Clojure 1.10 on JVM:
  REPL boot time: 1.5 sec
  Compile time:   6.5 sec
  Tests time:     0.45 sec
  
ClojureScript 1.10.439 with advanced compilation:
  Compile time:   78 sec
  Tests time:     1 sec
  
ClojureScript 1.10.439 without Google Closure compilation:
  Compile time:   24 sec
  Tests time:     1.3 sec

So what do these numbers tell us? Basically, to process exactly the same code, you can either spend ~8 seconds, 24 seconds or 78 seconds. Your choice. Also, by running the same program, you can get your result either in half a second, full second or close to one and a half second.

But wait, Tonsky, you can’t compare those! Those are apples and oranges! They are built to do completely different things! One is running in the browser!

Of course you can. Let me remind you: we compile exactly the same code, built to do exactly the same thing, using the same algorithms and running on the same hardware. The end result is the same in both cases: you either get your Datalog query answered in short time or in a long time. You either spend half of your workday waiting for a compiler or you spend it playing in the REPL, building stuff.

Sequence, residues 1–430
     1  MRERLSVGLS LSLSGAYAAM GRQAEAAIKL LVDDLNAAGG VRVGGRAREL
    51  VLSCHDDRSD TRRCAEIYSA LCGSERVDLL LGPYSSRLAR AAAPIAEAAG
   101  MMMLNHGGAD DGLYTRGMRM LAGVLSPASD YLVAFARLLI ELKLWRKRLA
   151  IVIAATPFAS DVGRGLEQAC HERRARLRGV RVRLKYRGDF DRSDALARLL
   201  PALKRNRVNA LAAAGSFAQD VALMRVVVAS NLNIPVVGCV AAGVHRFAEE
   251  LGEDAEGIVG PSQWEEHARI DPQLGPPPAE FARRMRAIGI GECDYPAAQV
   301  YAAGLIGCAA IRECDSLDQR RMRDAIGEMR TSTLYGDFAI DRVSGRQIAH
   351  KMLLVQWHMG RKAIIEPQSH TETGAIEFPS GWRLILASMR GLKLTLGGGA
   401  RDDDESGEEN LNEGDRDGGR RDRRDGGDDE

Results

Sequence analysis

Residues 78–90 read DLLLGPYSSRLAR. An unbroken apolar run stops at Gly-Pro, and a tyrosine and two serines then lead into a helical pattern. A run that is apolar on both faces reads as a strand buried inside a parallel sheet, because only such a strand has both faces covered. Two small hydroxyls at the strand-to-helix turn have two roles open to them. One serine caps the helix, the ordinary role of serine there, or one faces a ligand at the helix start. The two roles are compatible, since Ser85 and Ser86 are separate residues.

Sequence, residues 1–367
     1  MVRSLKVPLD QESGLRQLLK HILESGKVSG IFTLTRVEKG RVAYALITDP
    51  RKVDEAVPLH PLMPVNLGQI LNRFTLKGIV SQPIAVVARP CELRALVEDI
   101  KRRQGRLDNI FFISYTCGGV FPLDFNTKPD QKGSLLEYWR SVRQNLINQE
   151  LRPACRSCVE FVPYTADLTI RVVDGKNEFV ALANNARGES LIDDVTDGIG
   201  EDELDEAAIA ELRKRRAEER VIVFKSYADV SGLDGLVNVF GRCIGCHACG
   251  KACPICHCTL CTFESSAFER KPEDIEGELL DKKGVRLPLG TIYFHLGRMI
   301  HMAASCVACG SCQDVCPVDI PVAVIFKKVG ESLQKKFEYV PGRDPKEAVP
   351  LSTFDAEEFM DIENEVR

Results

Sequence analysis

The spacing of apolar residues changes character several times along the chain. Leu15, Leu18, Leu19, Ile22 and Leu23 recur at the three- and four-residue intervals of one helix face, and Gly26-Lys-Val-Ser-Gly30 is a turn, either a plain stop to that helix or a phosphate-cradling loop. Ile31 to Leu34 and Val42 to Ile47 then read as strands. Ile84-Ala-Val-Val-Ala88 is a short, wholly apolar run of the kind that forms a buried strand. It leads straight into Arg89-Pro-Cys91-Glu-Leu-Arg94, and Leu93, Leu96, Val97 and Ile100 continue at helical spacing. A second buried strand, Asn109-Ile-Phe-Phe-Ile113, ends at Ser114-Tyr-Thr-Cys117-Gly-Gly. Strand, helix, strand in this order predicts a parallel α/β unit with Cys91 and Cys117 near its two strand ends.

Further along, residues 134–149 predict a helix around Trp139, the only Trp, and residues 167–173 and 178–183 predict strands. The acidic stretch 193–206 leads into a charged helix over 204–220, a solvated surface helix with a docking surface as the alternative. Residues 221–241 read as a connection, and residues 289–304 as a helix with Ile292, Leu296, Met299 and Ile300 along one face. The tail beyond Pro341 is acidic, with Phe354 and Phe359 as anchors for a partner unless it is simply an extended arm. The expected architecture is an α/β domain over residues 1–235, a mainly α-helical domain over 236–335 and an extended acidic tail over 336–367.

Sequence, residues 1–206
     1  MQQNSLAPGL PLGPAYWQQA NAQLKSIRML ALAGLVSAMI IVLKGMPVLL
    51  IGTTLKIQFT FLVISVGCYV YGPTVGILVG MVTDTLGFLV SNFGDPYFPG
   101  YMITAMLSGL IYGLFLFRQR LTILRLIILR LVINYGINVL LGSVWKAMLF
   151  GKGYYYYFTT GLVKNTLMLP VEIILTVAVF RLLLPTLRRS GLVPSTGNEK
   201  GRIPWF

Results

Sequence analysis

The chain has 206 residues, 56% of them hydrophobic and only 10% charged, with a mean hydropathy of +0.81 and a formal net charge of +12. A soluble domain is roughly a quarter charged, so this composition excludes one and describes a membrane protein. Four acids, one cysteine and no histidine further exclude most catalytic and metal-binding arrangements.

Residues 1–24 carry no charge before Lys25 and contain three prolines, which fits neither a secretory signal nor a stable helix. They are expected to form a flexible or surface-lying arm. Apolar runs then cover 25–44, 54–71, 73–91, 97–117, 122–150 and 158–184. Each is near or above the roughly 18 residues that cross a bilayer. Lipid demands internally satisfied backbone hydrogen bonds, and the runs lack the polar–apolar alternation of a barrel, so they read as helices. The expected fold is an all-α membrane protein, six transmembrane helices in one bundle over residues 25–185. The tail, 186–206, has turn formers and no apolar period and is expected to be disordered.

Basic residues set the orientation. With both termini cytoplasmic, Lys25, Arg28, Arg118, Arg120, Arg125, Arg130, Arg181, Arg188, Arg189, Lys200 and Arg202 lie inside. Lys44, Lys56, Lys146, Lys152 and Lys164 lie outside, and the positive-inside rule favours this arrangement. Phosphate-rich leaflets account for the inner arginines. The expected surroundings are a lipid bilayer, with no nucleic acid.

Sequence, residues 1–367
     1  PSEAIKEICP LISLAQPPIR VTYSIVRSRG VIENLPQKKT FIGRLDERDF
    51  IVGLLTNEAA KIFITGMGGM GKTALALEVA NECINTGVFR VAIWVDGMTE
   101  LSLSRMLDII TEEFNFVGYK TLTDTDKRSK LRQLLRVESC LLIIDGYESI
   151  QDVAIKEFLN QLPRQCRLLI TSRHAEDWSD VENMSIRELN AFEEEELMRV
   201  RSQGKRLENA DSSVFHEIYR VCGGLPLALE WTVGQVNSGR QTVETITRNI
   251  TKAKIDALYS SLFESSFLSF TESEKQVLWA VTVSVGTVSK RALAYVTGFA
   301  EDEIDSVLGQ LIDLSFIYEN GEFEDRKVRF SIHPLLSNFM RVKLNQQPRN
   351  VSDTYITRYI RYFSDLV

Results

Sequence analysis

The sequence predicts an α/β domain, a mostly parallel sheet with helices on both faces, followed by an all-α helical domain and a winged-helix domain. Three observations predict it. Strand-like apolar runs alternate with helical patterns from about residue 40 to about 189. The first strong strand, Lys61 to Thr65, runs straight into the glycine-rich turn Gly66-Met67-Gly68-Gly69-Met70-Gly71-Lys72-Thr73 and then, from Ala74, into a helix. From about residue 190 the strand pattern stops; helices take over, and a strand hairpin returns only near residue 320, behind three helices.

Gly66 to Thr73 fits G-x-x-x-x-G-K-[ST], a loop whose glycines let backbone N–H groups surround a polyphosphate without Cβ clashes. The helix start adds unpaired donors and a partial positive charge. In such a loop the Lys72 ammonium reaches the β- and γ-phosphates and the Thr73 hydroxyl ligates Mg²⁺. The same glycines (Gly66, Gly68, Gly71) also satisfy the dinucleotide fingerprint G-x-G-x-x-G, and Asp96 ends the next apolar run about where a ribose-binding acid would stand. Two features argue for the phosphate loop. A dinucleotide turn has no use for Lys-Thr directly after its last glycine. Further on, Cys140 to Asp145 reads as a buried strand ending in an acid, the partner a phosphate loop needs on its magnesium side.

What do ClojureScript/Google Closure compilers do for so long? They are wasting your time, that’s what. Of course it’s nobody’s fault, but in the end, this whole solution is simply wrong. We can do the same thing much faster, we have proof of that, we have the means to do it, it just happens that we are not. But we could. If we wanted to. That huge overhead you’re paying, you’re paying it for nothing. You don’t get anything from being on JS, except a 2× performance hit and astronomical build times.

The same applies to all languages with terribly long build times. It’s not that they couldn’t build faster. They just choose not to. C++ or Rust program compiles for too long? Well, OCaml could probably compile the equivalent program in under a second. And it’ll still be machine-level fast.

Wow, wow, slow down! This is even more unfair! Now it’s not just apples and oranges, now it’s toothbrushes and spaceships. You completely ignore what each language brings to the table. There’s a reason they spend so much time compiling, you know?

I know. But still, I think you kind of can compare them. They are all general-purpose languages, after all, and in the end what matters is if you have a working program on your hand and if it can produce the answer in a reasonable time. It doesn’t really matter how the developer arrived there. You might get some comfort in thinking that it does, but nobody really cares.